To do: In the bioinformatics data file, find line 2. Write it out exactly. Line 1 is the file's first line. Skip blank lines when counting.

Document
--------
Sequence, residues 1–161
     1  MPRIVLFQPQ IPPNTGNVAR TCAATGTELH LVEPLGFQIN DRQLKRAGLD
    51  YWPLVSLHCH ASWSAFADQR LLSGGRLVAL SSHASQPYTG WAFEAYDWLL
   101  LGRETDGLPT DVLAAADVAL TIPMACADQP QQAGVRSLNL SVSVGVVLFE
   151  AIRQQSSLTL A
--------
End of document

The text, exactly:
     1  MPRIVLFQPQ IPPNTGNVAR TCAATGTELH LVEPLGFQIN DRQLKRAGLD